But both of them the most popular and most accomplished presidents in a long time.  The only 8 year presidents in U.S. history to see not a single one of their appointees topple or be indicted for malfeasance of office.  With almost every large metric of US national health rising instead of falling (as happened under both Bushes.)  

Oh, but what will she do with Bill?  A cabinet post to keep him busy? Picking drapes and hosting teas? Ambassador to France, to keep him both busy and happy and out of her hair?  Ambassador to Libya, to make a point? Both revenge and rewards can be served cold. I guess we'll see. 

68 comments:

donzelion said...

"Why has President Obama’s White House been so scandal-free?"

Some alternative explanations.
(1) Republicans created 8 different congressional committees to chase after Hillary Clinton's emails. All their attention was directed toward her, they still couldn't catch her, and they let any other corrupt officials off the hook while chasing after her.
(2) Democrats failed to pursue prosecutions and whistle blowers they should have. I suppose Trump might claim FauxNews and the rest of the media intentionally withheld evidence of scandal in order to make Obama look good.

I expect Trump News will make that argument, 24/7, in another month or two. May they go bankrupt, quickly, and may they take down FauxNews with them.

donzelion said...

LarryHart: (continuing from previous post)
"The really-Greatest Generation (Washington, Franklin, Jefferson, and yes Hamilton) seemed to understand that the Constitution had to be flexible and "grow" in order to survive, which is why the "strict Constitutionalists" who insist that we have to interpret the words exactly as they were meant in 1789 are espousing a ridiculous position."

Actually, they're espousing a ridiculous position because they believe the original interpretation of the words is decipherable. In reality, the words were a series of compromises, based on the state of play in a number of debates - guesswork, patchwork, uncertainty. In reality, the proponents vacillated, sometimes personally, sometimes politically. Hamilton announced Jefferson is sleeping with a slave girl; Jefferson and Madison declare inimical hatred of Hamilton; they weren't pronouncing on constitutional complexity so much as responding to the challenges of life as lived.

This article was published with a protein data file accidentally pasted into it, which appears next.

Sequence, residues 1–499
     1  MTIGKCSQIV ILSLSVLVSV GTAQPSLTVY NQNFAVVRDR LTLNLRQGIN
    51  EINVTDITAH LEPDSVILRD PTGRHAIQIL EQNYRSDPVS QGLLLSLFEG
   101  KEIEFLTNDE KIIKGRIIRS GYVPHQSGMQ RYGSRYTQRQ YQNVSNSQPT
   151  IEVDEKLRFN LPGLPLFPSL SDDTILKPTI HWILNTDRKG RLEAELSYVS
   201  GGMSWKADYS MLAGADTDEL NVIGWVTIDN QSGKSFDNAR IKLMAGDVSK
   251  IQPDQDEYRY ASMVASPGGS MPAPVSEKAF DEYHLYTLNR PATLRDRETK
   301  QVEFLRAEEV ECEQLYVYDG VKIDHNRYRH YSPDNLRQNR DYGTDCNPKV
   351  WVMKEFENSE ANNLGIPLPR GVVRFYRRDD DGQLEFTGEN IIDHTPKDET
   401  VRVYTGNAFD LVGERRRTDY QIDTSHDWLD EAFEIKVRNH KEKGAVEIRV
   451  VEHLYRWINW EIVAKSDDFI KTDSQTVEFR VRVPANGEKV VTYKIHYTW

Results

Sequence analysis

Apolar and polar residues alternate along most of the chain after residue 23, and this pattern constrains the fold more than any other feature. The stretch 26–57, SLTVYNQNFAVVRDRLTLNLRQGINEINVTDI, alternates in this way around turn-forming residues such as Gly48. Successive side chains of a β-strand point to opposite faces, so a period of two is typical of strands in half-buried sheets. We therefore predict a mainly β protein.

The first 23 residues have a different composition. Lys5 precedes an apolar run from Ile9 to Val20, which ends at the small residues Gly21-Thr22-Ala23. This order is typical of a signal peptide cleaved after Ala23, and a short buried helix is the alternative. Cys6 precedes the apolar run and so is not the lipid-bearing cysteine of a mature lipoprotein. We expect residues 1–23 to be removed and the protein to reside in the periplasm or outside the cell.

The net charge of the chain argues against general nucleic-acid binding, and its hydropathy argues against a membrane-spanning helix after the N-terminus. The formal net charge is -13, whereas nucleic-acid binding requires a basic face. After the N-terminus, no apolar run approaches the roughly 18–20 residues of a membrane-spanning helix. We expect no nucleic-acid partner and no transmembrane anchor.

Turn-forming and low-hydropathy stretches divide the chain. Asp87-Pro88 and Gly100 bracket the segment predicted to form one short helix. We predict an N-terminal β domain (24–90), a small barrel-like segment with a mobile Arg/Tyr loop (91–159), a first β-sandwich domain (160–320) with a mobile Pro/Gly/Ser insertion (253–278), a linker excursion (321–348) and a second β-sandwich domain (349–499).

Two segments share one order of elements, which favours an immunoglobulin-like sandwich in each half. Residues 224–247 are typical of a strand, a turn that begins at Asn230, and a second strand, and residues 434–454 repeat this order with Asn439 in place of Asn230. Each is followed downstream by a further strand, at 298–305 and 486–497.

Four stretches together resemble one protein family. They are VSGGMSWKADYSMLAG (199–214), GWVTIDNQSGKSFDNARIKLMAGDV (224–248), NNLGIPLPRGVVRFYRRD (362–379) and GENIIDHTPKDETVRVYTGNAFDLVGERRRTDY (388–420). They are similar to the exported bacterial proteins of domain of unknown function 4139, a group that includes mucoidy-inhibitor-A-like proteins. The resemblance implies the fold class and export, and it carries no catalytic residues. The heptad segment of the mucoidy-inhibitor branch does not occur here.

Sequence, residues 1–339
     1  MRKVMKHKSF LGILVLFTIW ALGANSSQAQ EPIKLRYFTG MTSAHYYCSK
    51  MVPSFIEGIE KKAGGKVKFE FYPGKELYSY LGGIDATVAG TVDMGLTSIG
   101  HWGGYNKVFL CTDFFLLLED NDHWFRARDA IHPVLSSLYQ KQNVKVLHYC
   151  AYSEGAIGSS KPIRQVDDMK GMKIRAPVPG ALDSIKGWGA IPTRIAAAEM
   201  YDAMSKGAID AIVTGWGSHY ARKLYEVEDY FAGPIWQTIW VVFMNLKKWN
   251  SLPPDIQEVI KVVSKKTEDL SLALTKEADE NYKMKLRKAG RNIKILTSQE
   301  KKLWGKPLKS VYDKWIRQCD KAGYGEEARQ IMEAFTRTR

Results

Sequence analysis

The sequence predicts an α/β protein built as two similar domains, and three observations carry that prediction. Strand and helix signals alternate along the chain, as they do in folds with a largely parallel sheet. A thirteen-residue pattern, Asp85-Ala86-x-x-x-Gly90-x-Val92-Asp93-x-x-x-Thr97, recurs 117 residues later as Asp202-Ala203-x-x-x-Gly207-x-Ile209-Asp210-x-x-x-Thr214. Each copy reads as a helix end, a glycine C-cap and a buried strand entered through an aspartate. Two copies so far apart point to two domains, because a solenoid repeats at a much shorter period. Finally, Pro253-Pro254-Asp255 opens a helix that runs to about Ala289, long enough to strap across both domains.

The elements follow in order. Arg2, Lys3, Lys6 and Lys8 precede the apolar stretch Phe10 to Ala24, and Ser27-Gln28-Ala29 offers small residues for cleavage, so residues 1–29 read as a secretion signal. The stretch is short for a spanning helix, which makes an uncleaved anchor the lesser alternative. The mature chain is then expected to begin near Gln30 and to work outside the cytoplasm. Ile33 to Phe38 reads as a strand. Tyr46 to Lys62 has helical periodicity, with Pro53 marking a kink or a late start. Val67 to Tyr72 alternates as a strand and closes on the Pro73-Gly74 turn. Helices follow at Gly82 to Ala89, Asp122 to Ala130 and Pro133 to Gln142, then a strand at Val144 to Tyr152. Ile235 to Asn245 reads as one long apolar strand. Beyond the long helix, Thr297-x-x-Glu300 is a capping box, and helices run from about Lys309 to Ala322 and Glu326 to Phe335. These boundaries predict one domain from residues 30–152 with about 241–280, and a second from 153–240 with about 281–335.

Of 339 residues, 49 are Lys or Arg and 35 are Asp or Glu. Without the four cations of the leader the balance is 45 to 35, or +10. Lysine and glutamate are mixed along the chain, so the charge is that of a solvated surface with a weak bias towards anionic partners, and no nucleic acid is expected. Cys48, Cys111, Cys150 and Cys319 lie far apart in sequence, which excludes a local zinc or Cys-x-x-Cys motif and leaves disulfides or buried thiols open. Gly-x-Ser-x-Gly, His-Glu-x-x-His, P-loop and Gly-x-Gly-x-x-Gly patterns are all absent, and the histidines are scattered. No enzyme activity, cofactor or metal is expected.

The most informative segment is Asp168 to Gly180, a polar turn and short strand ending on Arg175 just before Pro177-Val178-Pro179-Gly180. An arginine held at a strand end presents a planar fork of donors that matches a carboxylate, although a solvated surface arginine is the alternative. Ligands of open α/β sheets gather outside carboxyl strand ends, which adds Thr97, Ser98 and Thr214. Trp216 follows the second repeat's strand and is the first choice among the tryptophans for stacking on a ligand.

Anyone who pretends to know the secret souls of long dead white men is just expressing their own personal beliefs and pretending to cite grand authority (I'm looking at you, Clarence Thomas).

LarryHart said...

donzelion:

I expect Trump News will make that argument, 24/7, in another month or two. May they go bankrupt, quickly, and may they take down FauxNews with them.


It makes me wonder who will be advertising on Trump News. What would be worth the kind of money Trump would want to advertise on such a station? I'd suspect Viagra and adult diapers, but most late-evening television advertising already seems limited to that sort of thing. Maybe they'll be outright advertising products that appeal to the KKK and Nazis.

donzelion said...

Alfred: from previous post
"A system that leaves most of it's people near subsistence living, though, is not one I consider to be all that vital."
All things in relative terms, sir. A system that leaves most of its people near subsistence is far more vital than a system that leaves its people below subsistence, no?

Feudal oligarchy + slavery of the last 6000 years may be preferable to the pre-feudal systems of the previous 100,000. But that doesn't mean I'd endorse either.

"The Chinese are buying into the Bourgeois Deal."
Jury's still out, but if modern China survives a massive shock, then I'll believe it. The Bourgeois Deal nearly ruptured in 1932.

"It isn’t so much that central planners are inflexible. The real issue is they can’t know what the community knows."
I see the issue differently. A central planner sets the 5-year goal to double production, with severe consequences for failure. The central planner knows that it's unattainable without large improvements in machinery. The local managers order 4x what they need, expecting to get 25% of what they request. Every other community does the same. Only those with close friends get what they actually need; the rest engage in sabotage to lower their production target, and then repair the sabotage to get back where they were, and then add a little more to meet a revised quota. Five years later, everyone celebrates the great boost - while a handful of 'cheaters' get an indefinite visit to Siberia. Everybody knows the game.

"Everybody knows that the dice are loaded,
Everybody rolls with their fingers crossed"

It's not that the players suffer a lack of knowledge - it's all that time spent lying in estimates, justifying nonperformance, conducting and correcting sabotage, and blaming the perpetrators is a waste of the community's talents. When 'everybody knows' everything there is to know, nobody is asking questions and making something new possible.